I LOVE hot chocolate, the sweet delicious beverage is just the best thing.
And I’ve always associated a rich, creamy hot chocolate as a great option to sip just before bed (as well to warm up whilst out in the snow!) so I wanted to know what it actually does to my body.
Does hot chocolate help you sleep?
Is it a healthy bedtime option?
I decided to find out so spent many hours researching to bring you this post. Enjoy!
Yes, hot chocolate may help you fall asleep, especially if you associate the drink with bedtime. The warm milk in the hot chocolate is associated with relaxing you to sleep but the effects are likely more psychological than physical. Hot chocolate is also high in sugar, which is not the healthiest option before bed!
WHY WOULD HOT CHOCOLATE HELP YOU SLEEP
(Also with milk is the only way to have a hot chocolate at home, none of this water rubbish)
Part of the reason it can help is that it is super relaxing, you get a nice endorphin hit from the chocolate while the warm drink is utterly soothing.
And it becomes twice as effective if you had it growing up, if you grew up having a hot chocolate and then going to bed you likely built up an association that tells you when you have hot chocolate it’s time to sleep.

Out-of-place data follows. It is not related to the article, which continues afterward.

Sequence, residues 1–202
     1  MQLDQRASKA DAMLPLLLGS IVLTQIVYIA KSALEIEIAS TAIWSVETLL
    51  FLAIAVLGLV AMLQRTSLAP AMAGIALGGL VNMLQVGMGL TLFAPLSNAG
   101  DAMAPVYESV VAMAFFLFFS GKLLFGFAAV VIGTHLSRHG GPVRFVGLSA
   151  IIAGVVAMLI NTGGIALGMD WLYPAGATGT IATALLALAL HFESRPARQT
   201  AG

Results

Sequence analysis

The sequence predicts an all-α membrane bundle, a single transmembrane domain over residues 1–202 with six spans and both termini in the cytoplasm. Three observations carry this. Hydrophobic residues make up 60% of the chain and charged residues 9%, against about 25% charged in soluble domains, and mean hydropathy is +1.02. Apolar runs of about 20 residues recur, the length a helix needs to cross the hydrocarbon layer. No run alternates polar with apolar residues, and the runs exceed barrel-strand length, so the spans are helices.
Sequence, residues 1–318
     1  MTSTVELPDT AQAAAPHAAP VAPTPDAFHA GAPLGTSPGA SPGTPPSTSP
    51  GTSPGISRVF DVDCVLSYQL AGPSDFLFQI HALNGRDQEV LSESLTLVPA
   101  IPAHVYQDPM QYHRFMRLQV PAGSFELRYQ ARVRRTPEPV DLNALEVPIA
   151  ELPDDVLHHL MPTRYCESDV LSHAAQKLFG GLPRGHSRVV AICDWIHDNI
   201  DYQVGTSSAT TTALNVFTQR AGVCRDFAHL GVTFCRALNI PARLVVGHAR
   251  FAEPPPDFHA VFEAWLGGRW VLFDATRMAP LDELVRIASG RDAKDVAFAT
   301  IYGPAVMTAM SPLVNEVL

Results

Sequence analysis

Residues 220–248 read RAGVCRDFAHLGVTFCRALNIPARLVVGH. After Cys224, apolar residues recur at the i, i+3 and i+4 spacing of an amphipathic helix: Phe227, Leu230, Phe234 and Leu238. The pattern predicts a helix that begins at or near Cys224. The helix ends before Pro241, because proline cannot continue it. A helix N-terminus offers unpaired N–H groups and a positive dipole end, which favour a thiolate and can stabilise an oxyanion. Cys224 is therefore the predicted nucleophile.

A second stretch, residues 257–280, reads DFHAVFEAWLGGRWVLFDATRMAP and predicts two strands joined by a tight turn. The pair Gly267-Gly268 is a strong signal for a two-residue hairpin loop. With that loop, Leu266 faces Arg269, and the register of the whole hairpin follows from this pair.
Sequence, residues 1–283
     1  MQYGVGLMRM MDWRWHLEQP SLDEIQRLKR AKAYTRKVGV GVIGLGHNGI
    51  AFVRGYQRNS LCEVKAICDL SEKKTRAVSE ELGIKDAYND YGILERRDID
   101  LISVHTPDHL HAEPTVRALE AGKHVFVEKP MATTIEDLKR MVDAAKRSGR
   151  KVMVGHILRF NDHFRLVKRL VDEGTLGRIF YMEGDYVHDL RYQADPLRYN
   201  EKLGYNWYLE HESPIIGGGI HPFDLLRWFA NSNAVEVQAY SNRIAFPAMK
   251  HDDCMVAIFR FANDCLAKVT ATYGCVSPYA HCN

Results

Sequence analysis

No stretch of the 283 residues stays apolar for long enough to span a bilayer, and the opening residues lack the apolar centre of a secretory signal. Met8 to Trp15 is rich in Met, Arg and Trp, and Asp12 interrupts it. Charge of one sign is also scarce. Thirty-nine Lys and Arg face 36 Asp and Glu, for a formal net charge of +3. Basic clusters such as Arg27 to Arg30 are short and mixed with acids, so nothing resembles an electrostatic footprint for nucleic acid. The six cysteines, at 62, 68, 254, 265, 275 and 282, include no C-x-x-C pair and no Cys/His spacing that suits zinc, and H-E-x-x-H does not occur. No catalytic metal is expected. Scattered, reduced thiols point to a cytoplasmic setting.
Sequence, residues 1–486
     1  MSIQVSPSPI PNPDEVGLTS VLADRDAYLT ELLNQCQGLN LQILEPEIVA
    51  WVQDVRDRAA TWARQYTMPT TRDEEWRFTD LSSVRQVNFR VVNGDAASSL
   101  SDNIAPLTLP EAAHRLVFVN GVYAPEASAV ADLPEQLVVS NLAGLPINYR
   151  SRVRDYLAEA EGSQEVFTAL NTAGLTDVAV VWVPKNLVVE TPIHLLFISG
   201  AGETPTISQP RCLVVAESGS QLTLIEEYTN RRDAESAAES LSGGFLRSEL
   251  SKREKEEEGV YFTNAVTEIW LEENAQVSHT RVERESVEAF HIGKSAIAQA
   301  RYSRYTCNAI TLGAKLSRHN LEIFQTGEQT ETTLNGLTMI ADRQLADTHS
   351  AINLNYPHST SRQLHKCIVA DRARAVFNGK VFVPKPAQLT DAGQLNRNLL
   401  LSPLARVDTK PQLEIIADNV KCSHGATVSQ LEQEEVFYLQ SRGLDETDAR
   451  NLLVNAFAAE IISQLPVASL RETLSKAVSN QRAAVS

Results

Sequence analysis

And if you had the association as a child it will still exist as an adult so you can tap into it by having hot chocolate and you’ll start to feel sleepy.
WHAT CAUSES US TO FEEL SLEEPY?
The first question I should probably address is why do we go from being awake and alert to feeling tired and sleepy in the first place?
Well, it turns out that the neurotransmitter serotonin is the force behind this process. Serotonin acts on your brain to help keep you alert and also boosts your mood. If your body is producing good levels of serotonin this can give you that wonderful, natural high feeling.
Serotonin is responsible for producing melatonin which is a bit like the night porter of the brain. It takes over when it’s dark outside and is responsible for managing the sleep-wake cycle of your body.
Why is this relevant?
Well, in order for your body to produce adequate levels of both serotonin and melatonin you need the amino acid tryptophan in your diet. This is found in protein-rich foods such as meat and dairy as well as some nuts and seeds.
The theory goes that if you consume a nice big, tryptophan-rich meal before bed, you’ll sleep better.